Strawberry Banana Recovery Smoothie

Recovery is when you reap the benefits of your training and racing and get stronger, and what you eat can play an important role in the process. Consuming the right foods can help you maximize your training gains, speed up the recovery process, and enhance subsequent performance. Best of all, many delicious foods fit the bill for optimal recovery fuel.  Learn more about eating for recovery here.

Exercise scientists have proposed 3 R’s to recovery from exercise:  refuel, rehydrate, and repair.

  • Refuel. Carbohydrate-rich foods will help you refuel and replace glycogen stores for your next training session.
  • Rehydrate. Rehydrating with liquids will help replace fluids lost in sweat.
  • Repair. Protein might help restore glycogen, and will enhance muscle-repair processes.

This Strawberry Banana Smoothie fulfills the 3 R’s deliciously without hard-to-find ingredients or protein powders. It’s also quick and easy to make.  This beverage will be extra refreshing if you start with frozen bananas or strawberries.

strawberry banana smoothie runner crop


  • 2/3 cup Greek yogurt (plain, nonfat)
  • 1/2 cup milk (I used 1%)
  • 1 cup sliced strawberries*
  • 1 small banana*
  • 1 tbsp. maple syrup or other sweetener (optional)

* frozen bananas or strawberries make the smoothie creamier and more refreshing


Combine all ingredients in a blender and blend until smooth.

Makes ONE 2-Cup Serving.

recovery smoothie ingredients correct

READ  Refueling for Recovery

Nutrition Notes

  • Falling strawberries. Isolated on a white background.Strawberries, like other berries, are one of the most nutritious fruit: they are rich in vitamin C, fiber, folate, and potassium. They also rank higher in antioxidant power than most fruits and vegetables. Berries also contain anthocyanin, a phytochemical that helps fight oxidative cell damage that can lead to chronic diseases including cancer, diabetes, and heart disease.
  • Bowl of yogurtGreek yogurt is exceptionally rich in protein and a good source of calcium. High yogurt consumption (> 7 servings/week) is linked to lower weight (especially in people who eat more fruit), and lower risk of diabetes.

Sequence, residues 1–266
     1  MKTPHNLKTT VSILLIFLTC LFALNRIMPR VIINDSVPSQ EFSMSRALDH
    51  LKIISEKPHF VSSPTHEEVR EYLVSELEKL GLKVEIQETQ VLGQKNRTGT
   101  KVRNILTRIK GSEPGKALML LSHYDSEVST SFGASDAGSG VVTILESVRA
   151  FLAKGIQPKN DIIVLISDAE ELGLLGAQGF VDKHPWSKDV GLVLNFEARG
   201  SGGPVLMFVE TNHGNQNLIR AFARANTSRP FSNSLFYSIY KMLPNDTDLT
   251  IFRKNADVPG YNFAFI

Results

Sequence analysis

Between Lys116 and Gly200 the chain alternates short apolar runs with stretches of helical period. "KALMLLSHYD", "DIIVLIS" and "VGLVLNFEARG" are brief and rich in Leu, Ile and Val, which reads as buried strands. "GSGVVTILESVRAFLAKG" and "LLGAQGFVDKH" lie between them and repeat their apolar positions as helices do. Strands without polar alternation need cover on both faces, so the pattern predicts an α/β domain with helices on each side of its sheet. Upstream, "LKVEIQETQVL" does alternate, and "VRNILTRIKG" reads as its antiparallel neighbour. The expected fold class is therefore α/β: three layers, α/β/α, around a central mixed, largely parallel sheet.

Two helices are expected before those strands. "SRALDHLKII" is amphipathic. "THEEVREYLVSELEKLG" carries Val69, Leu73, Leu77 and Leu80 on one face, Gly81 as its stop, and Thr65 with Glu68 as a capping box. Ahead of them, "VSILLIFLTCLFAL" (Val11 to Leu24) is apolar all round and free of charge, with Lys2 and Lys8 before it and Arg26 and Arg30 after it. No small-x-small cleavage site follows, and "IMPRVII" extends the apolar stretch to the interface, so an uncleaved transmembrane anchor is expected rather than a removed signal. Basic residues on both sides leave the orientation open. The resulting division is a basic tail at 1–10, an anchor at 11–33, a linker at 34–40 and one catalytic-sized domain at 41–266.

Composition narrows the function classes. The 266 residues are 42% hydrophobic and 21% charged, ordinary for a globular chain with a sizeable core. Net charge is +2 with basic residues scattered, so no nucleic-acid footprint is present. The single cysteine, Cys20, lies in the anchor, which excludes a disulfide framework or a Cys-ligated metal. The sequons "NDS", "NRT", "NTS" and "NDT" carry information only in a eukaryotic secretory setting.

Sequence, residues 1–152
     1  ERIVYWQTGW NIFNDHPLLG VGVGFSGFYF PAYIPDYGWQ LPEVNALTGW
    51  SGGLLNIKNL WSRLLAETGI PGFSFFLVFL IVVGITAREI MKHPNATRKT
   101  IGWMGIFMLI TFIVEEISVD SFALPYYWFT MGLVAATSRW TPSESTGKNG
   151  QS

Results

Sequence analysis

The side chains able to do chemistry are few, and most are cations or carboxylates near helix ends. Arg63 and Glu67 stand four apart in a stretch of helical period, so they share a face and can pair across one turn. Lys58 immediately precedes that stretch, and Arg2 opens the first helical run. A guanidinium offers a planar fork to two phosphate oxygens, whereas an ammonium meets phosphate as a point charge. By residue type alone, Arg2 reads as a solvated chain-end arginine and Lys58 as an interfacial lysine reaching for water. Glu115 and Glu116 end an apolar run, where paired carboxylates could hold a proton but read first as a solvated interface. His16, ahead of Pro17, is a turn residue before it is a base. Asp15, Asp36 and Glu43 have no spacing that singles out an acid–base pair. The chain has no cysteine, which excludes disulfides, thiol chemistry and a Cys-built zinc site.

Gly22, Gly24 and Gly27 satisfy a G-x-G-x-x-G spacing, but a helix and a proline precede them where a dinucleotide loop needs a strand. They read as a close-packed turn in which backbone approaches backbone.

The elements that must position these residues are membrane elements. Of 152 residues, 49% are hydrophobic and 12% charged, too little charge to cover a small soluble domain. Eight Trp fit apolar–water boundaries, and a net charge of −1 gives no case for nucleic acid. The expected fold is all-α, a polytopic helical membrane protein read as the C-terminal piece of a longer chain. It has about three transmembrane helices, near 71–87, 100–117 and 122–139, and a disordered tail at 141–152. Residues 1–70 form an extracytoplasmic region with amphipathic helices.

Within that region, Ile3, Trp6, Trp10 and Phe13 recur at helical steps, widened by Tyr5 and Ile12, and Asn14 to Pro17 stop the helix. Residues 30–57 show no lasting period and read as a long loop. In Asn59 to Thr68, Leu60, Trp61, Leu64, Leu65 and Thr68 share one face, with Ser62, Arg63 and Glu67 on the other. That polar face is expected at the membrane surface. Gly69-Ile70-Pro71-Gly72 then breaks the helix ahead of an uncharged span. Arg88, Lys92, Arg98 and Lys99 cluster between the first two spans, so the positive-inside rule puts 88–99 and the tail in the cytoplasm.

Why nonfat yogurt? Fat is high in calories that will take the place of the carbohydrates that you need for recovery. Also, the fat in dairy is saturated, which is linked to many chronic diseases (the fat in dairy may not be as bad, but this is still a matter of scientific debate).  Get the fats you need later in the day from healthy sources like nuts, seeds, or fatty fish.  But any plain yogurt will work well in this smoothie, so it’s not a problem to use what you have on hand!
  • Milk is a good source of calcium, and provides protein and fluid to this smoothie. Research shows that milk enhances exercise recovery. (Soy milk is a better substitute than almond milk).
  • No Protein PowderProtein-Rich Without Protein Powder. This shake gets 23 g of protein from food (Greek yogurt and milk). Many high-protein smoothies and shakes are made with protein powders. These powders are unregulated supplements that are highly processed, expensive, and often contain many questionable ingredients that your body doesn’t need.  While protein powders are convenient and fine to use from time to time, they shouldn’t be a dietary staple.
  • Bananas are rich in fiber, and an excellent source of potassium, an essential mineral that most people don’t get enough of in their diets. Bananas also contain plant lectins, a type of protein being studied for disease-fighting properties.
READ  Healthy or Hype? Protein Powder

Nutrition Per Serving

  • 295 calories
  • 23 g protein
  • 44 g carbohydrate
  • 2.5 g fat
  • 6 g fiber
  • 118 mg sodium
  • 967 mg potassium
  • 76 mg magnesium

More On Protein

In terms of your next workout, refueling with carbs and rehydrating should be the priorities. Protein isn’t critical for performance in next workout, but is important for long-term adaptations. New research is showing that protein distribution throughout the day is important for muscle health.  Although most people tend to consume enough total protein in a day, the way they distribute their protein intake isn’t optimal for muscle repair. Your body needs about 20 to 30 grams of protein at a time for muscle building processes: most people don’t consume this amount in the morning, but eat two to three times the amount they need at dinner (and more protein doesn’t build or repair more muscle). You can find out more about your protein needs in this article.

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